Micronutrients may be beneficial for children with ADHD
A new study has found that children with ADHD and emotional dysregulation who consumed a micronutrient formula were three times as more likely to show symptomatic improvement.
The research, published in the Journal of the American Academy of Child and Adolescent Psychiatry, was led by investigators at Ohio State University. The triple-blinded study engaged 126 medication-free children aged six to 12 years with ADHD with at least one impairing irritability syndrome, and their parents at three locations: Portland, Oregon; Columbus, Ohio; and Alberta, Canada. Participants were either given micronutrient supplementation of vitamins and minerals or placebo capsules for a period of eight weeks.
Those participants given the micronutrient formula were 54 percent more likely to show symptomatic improvement over the placebo group which were 18 percent more likely to show such improvement.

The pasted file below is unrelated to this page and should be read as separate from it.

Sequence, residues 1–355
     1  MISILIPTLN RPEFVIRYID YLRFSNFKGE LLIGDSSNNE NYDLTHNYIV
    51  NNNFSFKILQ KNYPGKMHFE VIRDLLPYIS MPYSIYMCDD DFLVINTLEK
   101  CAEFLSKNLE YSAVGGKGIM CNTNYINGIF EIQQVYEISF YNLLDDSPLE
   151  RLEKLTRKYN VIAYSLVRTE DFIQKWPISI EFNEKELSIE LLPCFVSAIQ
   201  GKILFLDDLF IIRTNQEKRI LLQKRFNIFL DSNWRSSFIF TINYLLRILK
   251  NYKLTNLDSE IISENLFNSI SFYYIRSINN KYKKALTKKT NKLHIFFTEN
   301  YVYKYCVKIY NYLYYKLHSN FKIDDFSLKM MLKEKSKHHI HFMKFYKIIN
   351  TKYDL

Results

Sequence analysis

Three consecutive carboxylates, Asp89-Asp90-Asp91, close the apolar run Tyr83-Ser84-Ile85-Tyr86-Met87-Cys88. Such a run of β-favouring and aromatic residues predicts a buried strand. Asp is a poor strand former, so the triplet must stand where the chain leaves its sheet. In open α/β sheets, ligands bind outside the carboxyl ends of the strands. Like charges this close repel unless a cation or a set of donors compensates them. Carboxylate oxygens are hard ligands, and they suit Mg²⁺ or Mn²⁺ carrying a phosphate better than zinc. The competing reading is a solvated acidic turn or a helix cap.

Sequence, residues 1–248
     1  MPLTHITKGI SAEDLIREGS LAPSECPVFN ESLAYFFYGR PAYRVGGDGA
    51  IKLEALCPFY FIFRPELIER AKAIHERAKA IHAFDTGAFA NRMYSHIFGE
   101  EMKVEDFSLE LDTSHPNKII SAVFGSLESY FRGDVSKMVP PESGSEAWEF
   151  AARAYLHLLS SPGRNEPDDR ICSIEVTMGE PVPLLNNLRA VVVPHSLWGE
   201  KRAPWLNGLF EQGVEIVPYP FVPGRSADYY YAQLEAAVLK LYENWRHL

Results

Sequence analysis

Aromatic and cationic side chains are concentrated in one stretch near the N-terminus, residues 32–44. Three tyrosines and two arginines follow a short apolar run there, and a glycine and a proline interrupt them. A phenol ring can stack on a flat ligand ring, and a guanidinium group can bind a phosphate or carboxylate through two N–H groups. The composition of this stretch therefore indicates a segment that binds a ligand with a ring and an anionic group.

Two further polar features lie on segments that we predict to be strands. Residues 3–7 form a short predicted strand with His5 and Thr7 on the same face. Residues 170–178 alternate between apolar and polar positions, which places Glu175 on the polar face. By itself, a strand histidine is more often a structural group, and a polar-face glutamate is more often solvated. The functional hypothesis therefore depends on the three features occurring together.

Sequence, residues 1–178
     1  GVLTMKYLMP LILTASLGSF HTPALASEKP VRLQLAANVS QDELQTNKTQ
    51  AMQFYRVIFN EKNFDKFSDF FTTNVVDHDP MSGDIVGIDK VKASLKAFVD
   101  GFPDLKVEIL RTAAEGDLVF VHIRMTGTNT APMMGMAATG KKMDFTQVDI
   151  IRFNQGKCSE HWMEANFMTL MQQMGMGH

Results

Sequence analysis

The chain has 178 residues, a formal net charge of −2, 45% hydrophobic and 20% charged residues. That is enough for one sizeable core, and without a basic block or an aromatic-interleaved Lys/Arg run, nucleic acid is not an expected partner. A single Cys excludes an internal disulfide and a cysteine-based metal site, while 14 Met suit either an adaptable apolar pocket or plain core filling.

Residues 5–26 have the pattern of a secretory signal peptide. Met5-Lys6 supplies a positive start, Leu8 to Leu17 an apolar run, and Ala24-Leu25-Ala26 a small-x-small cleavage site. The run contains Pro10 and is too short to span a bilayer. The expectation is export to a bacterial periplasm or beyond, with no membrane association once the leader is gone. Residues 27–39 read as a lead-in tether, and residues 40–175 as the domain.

In addition to behavioral and emotional benefits, children taking micronutrients grew six millimeters (mm) more in height than those taking placebo after adjusting for baseline height, according to the study.
“These findings, replicating results of a previous randomized trial of micronutrients in children with ADHD conducted in New Zealand, confirm that supplementation with a broad range of nutrients may benefit some children,” said lead author Jeanette Johnstone, PhD, assistant professor, Department of Child and Adolescent Psychiatry, Oregon Health & Science University and Helfgott Research Institute, National University of Natural Medicine, in a statement. “These findings may offer guidance to doctors and families seeking integrative treatments for their children with ADHD and related emotional dysregulation.”
According to the authors, future studies will focus on the micronutrients’ mechanisms of action and subgroup responses to understand for whom and why this intervention works. Mechanistic hypotheses to be tested include changes in the gut microbiome and its metabolome, reductions in inflammatory markers, replenishment of minerals, and optimization of neurotransmission.